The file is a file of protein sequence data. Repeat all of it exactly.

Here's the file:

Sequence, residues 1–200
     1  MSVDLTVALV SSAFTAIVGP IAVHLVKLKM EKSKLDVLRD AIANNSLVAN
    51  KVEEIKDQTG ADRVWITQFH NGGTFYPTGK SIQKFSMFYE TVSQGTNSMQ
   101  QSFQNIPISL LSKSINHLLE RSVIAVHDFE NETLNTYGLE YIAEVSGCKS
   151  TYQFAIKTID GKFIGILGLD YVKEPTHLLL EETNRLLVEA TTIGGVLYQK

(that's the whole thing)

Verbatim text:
Sequence, residues 1–200
     1  MSVDLTVALV SSAFTAIVGP IAVHLVKLKM EKSKLDVLRD AIANNSLVAN
    51  KVEEIKDQTG ADRVWITQFH NGGTFYPTGK SIQKFSMFYE TVSQGTNSMQ
   101  QSFQNIPISL LSKSINHLLE RSVIAVHDFE NETLNTYGLE YIAEVSGCKS
   151  TYQFAIKTID GKFIGILGLD YVKEPTHLLL EETNRLLVEA TTIGGVLYQK